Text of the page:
image_1_Compartmentalized Cyclic AMP Production by the Bordetella pertussis and Bacillus anthracis Adenylate Cyclase Toxins Differentially Affects the Immune Synapse in T Lymphocytes.PDF (3.62 MB)

image_1_Compartmentalized Cyclic AMP Production by the Bordetella pertussis and Bacillus anthracis Adenylate Cyclase Toxins Differentially Affects the Immune Synapse in T Lymphocytes.PDF

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posted on 01.05.2018 by Vijay B. Arumugham, Cristina Ulivieri, Anna Onnis, Francesca Finetti, Fiorella Tonello, Daniel Ladant, Cosima T. Baldari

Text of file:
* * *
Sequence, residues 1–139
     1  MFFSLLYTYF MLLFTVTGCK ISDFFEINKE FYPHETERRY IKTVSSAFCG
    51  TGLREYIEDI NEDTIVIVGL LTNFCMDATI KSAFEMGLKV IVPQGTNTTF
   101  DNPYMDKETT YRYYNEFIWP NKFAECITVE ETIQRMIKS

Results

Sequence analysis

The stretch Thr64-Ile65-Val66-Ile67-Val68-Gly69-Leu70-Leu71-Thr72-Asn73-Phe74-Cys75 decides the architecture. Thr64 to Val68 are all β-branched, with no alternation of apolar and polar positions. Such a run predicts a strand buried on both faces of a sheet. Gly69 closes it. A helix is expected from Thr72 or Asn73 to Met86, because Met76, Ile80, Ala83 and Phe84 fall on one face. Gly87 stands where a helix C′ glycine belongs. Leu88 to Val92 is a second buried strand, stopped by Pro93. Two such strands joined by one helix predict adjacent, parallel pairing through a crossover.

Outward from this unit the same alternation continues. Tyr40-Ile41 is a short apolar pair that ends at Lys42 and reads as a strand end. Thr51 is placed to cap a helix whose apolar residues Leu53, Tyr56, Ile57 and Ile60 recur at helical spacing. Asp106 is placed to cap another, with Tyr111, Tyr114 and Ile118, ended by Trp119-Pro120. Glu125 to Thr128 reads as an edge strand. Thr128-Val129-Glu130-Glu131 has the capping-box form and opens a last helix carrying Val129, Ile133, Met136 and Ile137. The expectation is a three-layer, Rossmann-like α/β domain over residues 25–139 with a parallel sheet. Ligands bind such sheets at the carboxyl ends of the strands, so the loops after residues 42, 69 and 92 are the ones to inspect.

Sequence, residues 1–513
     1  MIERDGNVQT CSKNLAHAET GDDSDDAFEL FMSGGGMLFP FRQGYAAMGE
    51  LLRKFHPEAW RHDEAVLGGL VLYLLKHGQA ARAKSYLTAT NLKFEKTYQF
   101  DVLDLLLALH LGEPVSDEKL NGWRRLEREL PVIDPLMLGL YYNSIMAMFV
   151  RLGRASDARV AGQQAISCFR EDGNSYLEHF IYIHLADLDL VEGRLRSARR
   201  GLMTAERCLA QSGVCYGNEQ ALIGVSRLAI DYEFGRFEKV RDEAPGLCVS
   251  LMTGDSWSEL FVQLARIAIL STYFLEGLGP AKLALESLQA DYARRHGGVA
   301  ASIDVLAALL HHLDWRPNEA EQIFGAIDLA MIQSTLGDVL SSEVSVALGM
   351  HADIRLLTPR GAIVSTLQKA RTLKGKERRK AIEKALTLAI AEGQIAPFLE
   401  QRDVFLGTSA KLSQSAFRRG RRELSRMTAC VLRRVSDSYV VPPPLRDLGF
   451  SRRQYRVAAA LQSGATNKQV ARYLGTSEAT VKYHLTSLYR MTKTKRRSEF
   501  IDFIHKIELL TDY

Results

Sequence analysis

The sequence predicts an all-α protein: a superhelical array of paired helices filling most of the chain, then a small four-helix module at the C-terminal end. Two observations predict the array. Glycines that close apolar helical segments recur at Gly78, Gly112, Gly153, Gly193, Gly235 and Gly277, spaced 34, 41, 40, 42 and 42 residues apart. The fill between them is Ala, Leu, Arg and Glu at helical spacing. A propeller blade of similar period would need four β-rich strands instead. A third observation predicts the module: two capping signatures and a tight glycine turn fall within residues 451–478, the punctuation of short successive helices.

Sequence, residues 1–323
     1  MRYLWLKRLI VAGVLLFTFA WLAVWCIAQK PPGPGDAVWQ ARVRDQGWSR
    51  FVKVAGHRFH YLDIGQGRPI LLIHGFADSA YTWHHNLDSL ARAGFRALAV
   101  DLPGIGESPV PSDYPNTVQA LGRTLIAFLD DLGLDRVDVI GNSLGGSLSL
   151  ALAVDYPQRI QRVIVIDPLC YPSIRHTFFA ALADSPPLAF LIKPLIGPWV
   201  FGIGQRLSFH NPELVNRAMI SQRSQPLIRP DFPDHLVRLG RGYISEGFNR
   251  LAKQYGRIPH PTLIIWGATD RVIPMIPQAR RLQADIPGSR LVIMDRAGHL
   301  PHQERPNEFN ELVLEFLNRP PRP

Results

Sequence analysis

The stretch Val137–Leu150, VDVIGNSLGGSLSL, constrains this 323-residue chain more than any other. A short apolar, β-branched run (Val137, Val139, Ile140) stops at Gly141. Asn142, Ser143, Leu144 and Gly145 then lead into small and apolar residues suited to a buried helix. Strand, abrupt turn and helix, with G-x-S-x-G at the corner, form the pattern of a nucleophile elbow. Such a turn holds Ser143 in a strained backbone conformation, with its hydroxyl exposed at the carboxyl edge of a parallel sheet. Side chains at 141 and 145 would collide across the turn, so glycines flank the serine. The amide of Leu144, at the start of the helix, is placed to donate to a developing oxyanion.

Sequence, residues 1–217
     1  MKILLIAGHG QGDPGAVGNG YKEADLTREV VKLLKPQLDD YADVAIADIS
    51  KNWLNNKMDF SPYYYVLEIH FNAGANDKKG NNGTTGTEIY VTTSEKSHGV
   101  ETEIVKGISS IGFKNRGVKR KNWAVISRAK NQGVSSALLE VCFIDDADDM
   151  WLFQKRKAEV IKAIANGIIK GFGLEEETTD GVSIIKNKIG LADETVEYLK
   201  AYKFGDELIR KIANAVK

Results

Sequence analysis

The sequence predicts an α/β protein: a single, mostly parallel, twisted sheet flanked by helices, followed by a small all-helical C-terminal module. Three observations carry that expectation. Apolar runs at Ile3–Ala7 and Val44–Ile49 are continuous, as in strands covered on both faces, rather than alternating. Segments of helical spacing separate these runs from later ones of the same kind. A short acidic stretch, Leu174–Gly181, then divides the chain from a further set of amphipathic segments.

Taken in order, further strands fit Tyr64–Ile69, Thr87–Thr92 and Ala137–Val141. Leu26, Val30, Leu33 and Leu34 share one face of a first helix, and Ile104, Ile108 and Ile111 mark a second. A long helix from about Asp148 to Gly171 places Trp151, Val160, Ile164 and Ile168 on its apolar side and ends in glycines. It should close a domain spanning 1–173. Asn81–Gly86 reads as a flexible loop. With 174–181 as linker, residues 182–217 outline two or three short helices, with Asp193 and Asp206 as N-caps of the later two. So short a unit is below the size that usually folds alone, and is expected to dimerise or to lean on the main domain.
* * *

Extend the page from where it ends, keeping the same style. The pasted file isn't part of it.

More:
A central feature of the immune synapse (IS) is the tight compartmentalization of membrane receptors and signaling mediators that is functional for its ability to coordinate T cell activation. Second messengers centrally implicated in this process, such as Ca2+ and diacyl glycerol, also undergo compartmentalization at the IS. Current evidence suggests a more complex scenario for cyclic AMP (cAMP), which acts both as positive and as negative regulator of T-cell antigen receptor (TCR) signaling and which, as such, must be subjected to a tight spatiotemporal control to allow for signaling at the IS. Here, we have used two bacterial adenylate cyclase toxins that produce cAMP at different subcellular localizations as the result of their distinct routes of cell invasion, namely Bordetella pertussis CyaA and Bacillus anthracis edema toxin (ET), to address the ability of the T cell to confine cAMP to the site of production and to address the impact of compartmentalized cAMP production on IS assembly and function. We show that CyaA, which produces cAMP close to the synaptic membrane, affects IS stability by modulating not only the distribution of LFA-1 and its partners talin and L-plastin, as previously partly reported but also by promoting the sustained synaptic accumulation of the A-kinase adaptor protein ezrin and protein kinase A while suppressing the β-arrestin-mediated recruitment of phosphodiesterase 4B. These effects are dependent on the catalytic activity of the toxin and can be reproduced by treatment with a non-hydrolyzable cAMP analog. Remarkably, none of these effects are elicited by ET, which produces cAMP at a perinuclear localization, despite its ability to suppress TCR signaling and T cell activation through its cAMP-elevating activity. These results show that the IS responds solely to local elevations of cAMP and provide evidence that potent compartmentalization mechanisms are operational in T cells to contain cAMP close to the site of production, even when produced at supraphysiological levels.

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